]. It is possible that a similar splicing network is altered in colon cancer to produce the complex of interacting splice variants seen in this study. Such patterns may be more apparent in a highly parallel genome-wide exon analysis than in traditional methods involving gene-by-gene searches.
One assumption of this type of analysis is that biologically important splicing changes would consistently appear in samples of a particular category (i.e., colon cancer). In some cases, our samples did not reproduce some previously reported events (Rac1
, and MST1R
), or else the changes were sporadic (CD44
). Furthermore, we find differences even in normal samples with regard to Exon 6 of VEGF
compared to the mass spectrometry results of McCullough et al. [30
]. In fact, the most relevant splicing change in VEGF
for tumorigenesis may be a splice variant involving Exon 8 [56
]. In this situation, it may be difficult to resolve what the normal and abnormal states are for VEGF
. Inconsistent results may be due to differences in samples, experimental procedures, analyses or interpretations, suggesting that conclusions about subtle changes in splicing may need to be reinforced by multiple sources. On the other hand, many of our validated splicing events have been observed in several other instances. Nearly identical patterns of differential alternative splicing was found in colon tumors by Okumura et al. for TPM1
, and these patterns were even more emphatic in tumor cell lines. Interestingly, differential splicing of CD44
in colon cancer was not observed in that study [57
were identified by an EST-based analysis, and experimentally validated as differentially spliced in several tumor types [58
]. The alternative splicing of CTTN
is consistent with protein alterations seen in association with colon cancer [47
]. Our sample set ranged from well differentiated to poorly differentiated (i.e., advanced) tumors, yet ACTN1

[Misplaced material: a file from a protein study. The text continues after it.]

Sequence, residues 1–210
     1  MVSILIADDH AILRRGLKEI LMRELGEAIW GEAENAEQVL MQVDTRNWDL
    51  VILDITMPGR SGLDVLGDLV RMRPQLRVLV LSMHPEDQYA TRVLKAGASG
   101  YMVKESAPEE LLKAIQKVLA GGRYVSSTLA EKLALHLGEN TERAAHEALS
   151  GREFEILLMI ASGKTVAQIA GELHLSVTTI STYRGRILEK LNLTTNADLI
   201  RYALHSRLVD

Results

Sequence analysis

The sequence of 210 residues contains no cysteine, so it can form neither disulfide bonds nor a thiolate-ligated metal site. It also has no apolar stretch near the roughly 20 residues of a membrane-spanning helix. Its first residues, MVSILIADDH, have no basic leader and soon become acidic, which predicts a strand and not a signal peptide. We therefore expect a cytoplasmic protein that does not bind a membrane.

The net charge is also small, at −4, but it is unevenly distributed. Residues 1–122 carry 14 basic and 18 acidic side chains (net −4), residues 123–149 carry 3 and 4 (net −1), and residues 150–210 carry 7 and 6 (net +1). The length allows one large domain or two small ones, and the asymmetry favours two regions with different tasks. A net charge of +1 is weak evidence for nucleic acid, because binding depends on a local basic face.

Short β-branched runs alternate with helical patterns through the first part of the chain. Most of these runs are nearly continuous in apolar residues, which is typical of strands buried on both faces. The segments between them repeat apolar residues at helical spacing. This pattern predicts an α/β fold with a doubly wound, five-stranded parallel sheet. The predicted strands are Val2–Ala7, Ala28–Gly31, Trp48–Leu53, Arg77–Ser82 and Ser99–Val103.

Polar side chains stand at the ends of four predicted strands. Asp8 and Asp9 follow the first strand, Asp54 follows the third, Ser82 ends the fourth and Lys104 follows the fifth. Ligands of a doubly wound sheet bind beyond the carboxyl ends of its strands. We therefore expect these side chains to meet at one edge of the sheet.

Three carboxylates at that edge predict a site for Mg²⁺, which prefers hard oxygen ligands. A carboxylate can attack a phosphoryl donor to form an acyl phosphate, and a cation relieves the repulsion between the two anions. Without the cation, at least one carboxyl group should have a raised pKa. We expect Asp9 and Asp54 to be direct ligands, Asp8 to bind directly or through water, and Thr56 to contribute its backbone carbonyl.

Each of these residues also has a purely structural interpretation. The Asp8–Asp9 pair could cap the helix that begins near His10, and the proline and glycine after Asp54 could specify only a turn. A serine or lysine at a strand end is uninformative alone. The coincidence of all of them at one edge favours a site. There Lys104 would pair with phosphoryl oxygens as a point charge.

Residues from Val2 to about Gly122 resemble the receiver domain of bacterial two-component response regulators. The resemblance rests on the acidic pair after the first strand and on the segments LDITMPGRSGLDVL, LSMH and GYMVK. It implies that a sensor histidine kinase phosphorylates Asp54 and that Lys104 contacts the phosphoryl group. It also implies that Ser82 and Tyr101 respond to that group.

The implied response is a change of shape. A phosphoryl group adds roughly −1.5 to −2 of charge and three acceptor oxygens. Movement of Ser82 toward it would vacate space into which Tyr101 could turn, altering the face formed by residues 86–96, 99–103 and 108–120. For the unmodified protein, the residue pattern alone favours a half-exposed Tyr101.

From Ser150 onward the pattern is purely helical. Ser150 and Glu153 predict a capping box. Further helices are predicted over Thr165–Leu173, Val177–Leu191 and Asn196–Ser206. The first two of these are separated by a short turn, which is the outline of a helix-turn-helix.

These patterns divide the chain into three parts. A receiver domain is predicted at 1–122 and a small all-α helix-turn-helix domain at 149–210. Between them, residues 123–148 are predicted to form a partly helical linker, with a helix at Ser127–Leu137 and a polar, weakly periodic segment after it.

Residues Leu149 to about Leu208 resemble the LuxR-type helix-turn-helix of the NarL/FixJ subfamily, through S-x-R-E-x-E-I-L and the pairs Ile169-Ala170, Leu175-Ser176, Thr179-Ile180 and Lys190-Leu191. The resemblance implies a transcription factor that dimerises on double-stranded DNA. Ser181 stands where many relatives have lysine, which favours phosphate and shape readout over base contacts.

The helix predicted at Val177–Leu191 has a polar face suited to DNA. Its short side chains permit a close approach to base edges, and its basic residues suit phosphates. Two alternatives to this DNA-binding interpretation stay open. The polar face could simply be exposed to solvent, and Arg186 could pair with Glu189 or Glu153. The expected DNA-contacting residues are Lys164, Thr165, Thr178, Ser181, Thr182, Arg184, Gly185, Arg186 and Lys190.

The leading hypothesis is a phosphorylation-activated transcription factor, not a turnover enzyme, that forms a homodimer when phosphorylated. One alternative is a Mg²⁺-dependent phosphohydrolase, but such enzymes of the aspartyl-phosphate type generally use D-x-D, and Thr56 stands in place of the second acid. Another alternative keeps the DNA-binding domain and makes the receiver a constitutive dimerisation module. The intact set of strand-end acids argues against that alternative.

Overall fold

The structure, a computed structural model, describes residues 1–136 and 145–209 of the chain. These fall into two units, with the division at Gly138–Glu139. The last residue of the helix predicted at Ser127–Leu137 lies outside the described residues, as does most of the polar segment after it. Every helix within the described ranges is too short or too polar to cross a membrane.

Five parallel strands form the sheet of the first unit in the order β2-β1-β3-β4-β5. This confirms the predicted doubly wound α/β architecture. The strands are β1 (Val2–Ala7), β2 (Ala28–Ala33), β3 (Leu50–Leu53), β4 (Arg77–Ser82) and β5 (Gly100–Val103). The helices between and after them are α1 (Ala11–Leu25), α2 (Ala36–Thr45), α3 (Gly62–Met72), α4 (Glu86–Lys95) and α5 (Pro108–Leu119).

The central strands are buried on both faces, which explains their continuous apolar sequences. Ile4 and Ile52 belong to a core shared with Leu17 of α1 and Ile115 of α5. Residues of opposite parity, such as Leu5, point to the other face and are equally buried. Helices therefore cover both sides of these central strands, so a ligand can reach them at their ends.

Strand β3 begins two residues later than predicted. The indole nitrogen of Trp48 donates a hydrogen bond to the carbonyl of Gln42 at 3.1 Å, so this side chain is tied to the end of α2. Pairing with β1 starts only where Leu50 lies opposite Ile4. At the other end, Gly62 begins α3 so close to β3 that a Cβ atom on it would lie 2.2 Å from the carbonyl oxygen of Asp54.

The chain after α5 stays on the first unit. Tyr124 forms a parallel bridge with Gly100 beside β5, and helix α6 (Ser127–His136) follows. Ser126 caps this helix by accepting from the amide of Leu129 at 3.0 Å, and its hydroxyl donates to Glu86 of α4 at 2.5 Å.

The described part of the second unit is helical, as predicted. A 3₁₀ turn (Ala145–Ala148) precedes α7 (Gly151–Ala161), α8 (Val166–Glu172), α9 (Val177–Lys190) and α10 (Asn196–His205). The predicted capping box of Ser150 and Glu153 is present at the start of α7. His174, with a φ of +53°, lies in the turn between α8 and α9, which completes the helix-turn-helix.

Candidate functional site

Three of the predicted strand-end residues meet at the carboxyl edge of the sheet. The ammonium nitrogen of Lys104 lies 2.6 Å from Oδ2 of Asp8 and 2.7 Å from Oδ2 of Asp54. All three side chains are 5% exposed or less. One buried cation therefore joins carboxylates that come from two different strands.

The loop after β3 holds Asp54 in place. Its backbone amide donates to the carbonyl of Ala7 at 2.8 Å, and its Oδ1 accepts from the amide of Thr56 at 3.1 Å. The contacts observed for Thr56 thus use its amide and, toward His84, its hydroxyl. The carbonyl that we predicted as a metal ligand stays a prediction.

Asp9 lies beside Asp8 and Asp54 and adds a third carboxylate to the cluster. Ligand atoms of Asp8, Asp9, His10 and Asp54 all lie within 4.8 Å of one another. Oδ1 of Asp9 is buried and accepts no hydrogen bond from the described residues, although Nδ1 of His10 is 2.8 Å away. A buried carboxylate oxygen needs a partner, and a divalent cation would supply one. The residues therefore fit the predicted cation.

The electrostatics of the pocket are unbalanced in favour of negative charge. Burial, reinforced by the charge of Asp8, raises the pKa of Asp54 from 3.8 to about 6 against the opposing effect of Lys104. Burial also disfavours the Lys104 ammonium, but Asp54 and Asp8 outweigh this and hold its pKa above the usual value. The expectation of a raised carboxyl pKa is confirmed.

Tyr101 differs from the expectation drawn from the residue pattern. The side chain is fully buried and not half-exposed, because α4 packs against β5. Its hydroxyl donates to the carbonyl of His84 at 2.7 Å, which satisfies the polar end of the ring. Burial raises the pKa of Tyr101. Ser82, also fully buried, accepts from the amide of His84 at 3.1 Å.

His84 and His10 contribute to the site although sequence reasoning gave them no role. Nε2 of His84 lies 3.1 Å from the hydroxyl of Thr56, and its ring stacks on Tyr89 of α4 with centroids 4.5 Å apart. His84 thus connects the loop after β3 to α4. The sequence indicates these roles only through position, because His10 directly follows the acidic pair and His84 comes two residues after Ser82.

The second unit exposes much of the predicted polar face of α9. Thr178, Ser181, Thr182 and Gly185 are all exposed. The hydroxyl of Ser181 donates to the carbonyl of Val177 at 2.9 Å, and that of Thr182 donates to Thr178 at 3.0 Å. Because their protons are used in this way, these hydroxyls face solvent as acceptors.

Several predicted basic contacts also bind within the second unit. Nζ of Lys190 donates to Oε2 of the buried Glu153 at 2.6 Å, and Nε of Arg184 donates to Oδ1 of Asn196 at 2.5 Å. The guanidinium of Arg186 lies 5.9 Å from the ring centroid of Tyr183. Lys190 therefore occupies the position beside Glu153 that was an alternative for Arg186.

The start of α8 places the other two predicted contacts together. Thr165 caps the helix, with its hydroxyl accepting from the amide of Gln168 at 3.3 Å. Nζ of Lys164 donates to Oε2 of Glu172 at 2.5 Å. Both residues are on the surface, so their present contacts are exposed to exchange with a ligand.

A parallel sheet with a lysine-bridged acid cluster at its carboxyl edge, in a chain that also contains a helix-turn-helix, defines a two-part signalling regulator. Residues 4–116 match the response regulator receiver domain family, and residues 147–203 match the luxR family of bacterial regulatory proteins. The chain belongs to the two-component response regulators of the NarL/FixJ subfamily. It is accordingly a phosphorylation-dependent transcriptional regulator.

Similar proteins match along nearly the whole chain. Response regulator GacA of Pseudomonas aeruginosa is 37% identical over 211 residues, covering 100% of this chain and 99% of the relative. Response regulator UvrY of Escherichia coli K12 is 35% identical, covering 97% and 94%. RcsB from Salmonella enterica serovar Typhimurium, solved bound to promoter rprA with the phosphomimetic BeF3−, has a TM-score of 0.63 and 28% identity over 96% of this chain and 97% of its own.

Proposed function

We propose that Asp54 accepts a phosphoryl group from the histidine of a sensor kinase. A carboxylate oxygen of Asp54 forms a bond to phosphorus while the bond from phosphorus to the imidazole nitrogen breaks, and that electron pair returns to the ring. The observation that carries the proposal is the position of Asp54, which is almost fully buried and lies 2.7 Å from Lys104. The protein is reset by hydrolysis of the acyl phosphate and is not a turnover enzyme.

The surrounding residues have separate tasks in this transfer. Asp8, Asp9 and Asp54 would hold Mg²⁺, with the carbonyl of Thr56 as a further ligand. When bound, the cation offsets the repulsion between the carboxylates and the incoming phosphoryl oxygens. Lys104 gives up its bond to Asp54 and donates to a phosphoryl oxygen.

show strong and consistent changes across our samples (Additional file 5
). The presence of these splice variants in multiple tumor stages argues that they must be both early and persistent events. Finally, differences in splicing patterns may be due to biologically important differences in cancer etiology, and therefore be useful indicators of tumor subtypes or stages.
With the large amount of EST and genomic data available, a great deal of useful information may be gained from in silico
prediction of transcript isoforms. Validation rates from such methods have been fairly high and the resulting pattern of predictions are mostly in line with empirical data. There are a number of potential hazards in this approach: EST libraries are highly variable in quality and reliability, it is difficult to account for differential gene expression, and tissues and individual genes are unevenly represented. Almost 45% of EST libraries are from cancer samples [33
] and 70% of mRNAs in GenBank are cloned from tumor samples [59
], leading to a strong bias against identifying isoforms present in normal tissues. Also, in spite of various methods to remove or normalize differentially expressed genes, this factor may lead to overprediction [32
]. The exon array addresses many of the difficulties by providing an empirical platform that is unbiased with regard to tissue or gene representation, and allows for direct normalization of differential gene expression. While a substantial proportion (32%) of our top candidates for alternative splicing matched predictions from three EST-derived methods, only four of our validated splicing events appeared among the 2797 genes with bioinformatically predicted splice variants. This suggests that there are substantial gaps in current EST databases that must be addressed empirically.
The splicing changes seen here are not necessarily as dramatic as seen in a previous study of 16 pure normal tissues with an exon-based microarray (Clark et al
., in prep.). This highlights the subtlety of most splicing events, which are typically not an all-or-none phenomenon, so sample size and homogeneity are important considerations. In spite of limitations which are frequently encountered in cancer and other tissue studies in humans, such as a modest sample size, heterogeneous tissues, and multiple categorical variables (tumor stage, gender, and individual patient variation), we were able to identify and validate a number of candidate colon cancer-specific splicing events. Exploration of alternative splicing will promote understanding of cancer etiology and may provide therapeutic targets and diagnostic markers [2